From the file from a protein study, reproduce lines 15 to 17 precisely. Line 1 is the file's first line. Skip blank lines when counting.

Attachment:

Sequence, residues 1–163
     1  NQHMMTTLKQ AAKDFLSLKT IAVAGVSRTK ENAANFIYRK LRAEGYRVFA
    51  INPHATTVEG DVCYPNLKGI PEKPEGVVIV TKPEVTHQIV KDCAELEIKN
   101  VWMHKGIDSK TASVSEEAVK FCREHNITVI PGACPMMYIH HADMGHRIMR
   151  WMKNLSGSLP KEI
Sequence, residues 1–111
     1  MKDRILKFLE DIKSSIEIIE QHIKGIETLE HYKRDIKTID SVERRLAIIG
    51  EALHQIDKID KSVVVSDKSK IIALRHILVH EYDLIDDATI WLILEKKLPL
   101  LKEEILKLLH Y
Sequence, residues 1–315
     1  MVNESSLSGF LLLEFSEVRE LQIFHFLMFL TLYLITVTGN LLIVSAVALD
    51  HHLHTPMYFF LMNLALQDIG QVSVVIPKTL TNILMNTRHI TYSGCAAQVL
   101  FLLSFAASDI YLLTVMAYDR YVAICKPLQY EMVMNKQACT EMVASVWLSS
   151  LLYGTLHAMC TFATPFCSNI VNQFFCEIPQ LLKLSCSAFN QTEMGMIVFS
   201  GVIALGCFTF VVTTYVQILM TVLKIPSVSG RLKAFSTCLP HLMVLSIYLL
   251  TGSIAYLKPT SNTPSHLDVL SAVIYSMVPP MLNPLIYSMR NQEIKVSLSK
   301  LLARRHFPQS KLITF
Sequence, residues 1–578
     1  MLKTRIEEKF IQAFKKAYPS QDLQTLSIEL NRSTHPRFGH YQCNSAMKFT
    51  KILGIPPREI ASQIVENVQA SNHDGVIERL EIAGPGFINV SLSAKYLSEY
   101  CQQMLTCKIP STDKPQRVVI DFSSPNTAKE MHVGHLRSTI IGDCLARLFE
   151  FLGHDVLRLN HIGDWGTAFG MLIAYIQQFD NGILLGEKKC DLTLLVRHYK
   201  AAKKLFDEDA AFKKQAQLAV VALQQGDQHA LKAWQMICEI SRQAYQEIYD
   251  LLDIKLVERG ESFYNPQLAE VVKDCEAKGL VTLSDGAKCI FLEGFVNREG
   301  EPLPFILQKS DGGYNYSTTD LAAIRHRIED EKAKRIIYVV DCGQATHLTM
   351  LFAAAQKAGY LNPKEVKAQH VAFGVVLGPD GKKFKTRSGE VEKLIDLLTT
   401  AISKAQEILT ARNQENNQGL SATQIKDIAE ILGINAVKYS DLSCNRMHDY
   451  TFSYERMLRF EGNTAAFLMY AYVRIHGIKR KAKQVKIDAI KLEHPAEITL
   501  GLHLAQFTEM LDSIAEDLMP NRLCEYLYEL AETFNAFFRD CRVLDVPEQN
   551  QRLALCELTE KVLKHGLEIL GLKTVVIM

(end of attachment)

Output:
   201  GVIALGCFTF VVTTYVQILM TVLKIPSVSG RLKAFSTCLP HLMVLSIYLL
   251  TGSIAYLKPT SNTPSHLDVL SAVIYSMVPP MLNPLIYSMR NQEIKVSLSK
   301  LLARRHFPQS KLITF